For our next industry spotlight, we had the great fortune of chatting with Emma Van Duyts, founder of Public City PR. Founded in 2007, Public City represents some of the world’s well known and best loved metal bands around, from Deftones (pictured), Mastodon (pictured), The Gaslight Anthem, Taking Back Sunday, The Bronx, Henry Rollins and Parkway Drive to name just a few. We wanted to know what it takes to steer such a ship of pure metal power…
S] How did you get your break?
E] “I knew what I wanted to do when I was really young. Probably around 11 or so. I was totally obsessed with music when I was a kid. My sister (who is twelve years older than me) was a punk when I was little, so she was playing me bands like Dead Kennedys, Black Flag and Siouxsie and the Banshees and I had my parents’ influence of Motown and The Beatles. When I started to really get into music myself I into Michael Jackson and Bros probably to rebel against my sister a little bit! In my early teens I absolutely knew what I wanted to do. I read a magazine article about someone who did my job and I was like ‘That sounds like the perfect thing for me.’
I worked hard at school and really focused my attention on my English and Business Economics because I knew that that was what was going to help me get to where I wanted to be. I got work experience at East West Records (which was part of at Atlantic/WEA Records) when I was sixteen and it was supposed to be a three month placement and then it was extended to six and then extended to nine because they liked me and I was a hard worker, but they couldn’t take on a permanent member of staff at the time. I just worked hard and did anything anyone told me to do. If I made someone a cup of tea, I made it like it was the best cup of tea I ever made in my life. I asked questions, and I didn’t just sit there doing nothing, waiting for someone to give me something to do. I’ve noticed that with a lot of younger people, they’re kind of lazy to be honest. Some have a bit of an attitude, it’s like they don’t want to be there and they are just doing it because they have to. If you’re going do a work experience placement somewhere, you need to be doing something that you love and something you want to get into as a career and not waste people’s time.
I think if you’re interested in something you give it a hundred and ten percent no matter what it is. You need to have some kind of direction in life. A lot of people say, ‘I want to work in the music industry’. Well, what do you want to do? There are so many elements of it. You have the whole artist side of things – being a musician, producer or artist management. You can get in to the tech side of things working in a studio, being on the road, or you have the label side of things with Marketing, Publicity, Radio and TV promotions and more. There really are so many different areas of this industry and if you don’t have a completely solid idea of what you want to do to, maybe do a week or so in each department and then you might realise that something like radio promotions isn’t your thing, but you love doing marketing and that might be your forte. Give it a go!”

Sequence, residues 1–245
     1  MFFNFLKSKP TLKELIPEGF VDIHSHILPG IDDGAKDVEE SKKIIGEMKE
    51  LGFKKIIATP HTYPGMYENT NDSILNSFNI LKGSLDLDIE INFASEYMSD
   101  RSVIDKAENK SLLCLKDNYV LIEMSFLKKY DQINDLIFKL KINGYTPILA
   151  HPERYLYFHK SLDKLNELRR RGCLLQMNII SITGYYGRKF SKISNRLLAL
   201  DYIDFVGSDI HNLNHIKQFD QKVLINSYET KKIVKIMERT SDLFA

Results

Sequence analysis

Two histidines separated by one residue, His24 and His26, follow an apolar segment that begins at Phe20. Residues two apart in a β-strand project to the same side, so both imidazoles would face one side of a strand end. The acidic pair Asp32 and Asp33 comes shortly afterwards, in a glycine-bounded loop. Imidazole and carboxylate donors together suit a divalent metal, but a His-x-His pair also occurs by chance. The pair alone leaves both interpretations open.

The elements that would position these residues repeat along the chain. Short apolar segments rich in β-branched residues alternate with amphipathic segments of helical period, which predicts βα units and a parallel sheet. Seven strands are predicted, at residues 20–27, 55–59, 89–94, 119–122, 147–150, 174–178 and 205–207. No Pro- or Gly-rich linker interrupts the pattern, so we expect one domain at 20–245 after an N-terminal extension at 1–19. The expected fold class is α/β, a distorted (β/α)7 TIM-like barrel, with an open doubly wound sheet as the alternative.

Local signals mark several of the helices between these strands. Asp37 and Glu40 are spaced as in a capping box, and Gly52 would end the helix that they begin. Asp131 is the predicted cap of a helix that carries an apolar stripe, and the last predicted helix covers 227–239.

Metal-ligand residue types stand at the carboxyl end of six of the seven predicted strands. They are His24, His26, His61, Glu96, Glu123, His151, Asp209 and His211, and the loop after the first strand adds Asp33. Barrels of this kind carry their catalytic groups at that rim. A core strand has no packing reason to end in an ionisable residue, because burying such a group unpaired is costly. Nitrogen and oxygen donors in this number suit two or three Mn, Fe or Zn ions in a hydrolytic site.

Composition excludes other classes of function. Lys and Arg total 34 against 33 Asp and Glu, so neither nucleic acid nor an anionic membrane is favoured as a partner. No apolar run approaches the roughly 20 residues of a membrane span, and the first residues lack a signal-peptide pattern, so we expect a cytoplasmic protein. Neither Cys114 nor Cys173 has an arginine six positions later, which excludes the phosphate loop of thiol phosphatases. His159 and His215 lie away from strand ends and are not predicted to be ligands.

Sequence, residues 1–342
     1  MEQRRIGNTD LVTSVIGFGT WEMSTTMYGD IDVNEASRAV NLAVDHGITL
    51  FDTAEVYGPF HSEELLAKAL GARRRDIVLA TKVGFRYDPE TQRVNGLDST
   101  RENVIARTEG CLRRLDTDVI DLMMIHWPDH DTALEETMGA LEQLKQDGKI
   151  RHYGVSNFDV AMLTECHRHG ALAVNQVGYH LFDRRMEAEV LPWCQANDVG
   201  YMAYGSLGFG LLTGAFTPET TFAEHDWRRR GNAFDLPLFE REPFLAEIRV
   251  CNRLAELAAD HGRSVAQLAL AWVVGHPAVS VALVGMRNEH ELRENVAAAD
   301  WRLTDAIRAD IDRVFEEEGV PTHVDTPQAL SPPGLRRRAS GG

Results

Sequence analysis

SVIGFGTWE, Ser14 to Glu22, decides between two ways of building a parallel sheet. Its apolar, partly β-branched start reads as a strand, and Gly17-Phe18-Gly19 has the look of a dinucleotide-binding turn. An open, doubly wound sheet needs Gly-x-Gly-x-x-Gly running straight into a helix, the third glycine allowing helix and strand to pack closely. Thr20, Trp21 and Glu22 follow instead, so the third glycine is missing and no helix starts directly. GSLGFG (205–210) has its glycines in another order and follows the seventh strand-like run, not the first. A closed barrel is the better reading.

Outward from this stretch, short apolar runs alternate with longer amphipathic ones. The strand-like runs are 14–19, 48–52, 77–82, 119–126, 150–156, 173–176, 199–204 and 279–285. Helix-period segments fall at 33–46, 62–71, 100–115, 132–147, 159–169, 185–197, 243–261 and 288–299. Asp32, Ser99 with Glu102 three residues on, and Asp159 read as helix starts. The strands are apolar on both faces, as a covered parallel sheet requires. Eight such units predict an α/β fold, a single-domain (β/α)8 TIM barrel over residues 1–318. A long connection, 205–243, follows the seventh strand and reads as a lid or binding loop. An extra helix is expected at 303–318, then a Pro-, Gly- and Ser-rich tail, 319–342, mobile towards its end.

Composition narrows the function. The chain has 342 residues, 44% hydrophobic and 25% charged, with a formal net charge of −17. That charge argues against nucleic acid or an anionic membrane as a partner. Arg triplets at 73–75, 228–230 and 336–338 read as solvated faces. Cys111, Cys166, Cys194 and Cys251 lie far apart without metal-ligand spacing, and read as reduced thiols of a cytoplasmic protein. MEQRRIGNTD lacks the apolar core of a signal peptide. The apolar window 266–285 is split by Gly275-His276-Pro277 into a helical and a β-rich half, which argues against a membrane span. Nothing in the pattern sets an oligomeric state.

S] When you started out you were working, you had the opportunity to work with the guys like Glassjaw, who you still have quite good relationships with, and Green Day as well when you were working at Warner Bros, can you tell me what you learned?
E] “I definitely started from the bottom. I was an intern first and I got my job at Warner Bros, when I was seventeen which was incredible. I was the Press Assistant there, so my job was doing the mail-outs, all the press cuttings, making people tea, answering the phones. Back then we used to go through all the magazines and pull all the press cuttings and then you’d have to cut and paste them and file them away. So, it was a lot of filing and running around for people and just generally being an assistant to everybody in the press department.
I learned a lot just from everyone I worked with. I didn’t have the foggiest idea how to get a band in a magazine when I first started. I started by listening to what people would say and then asking questions and the publicists would be like, ‘Oh, this is what you would do in this situation.’ And then my boss, legendary PR Barbara Charone let me start doing some regional press. So, I started talking to regional papers if we had a band on tour or an album out and that’s kind of how I started really. When I had proved myself, I got given my first bands (Deftones, Static-X and Orgy) and so it began.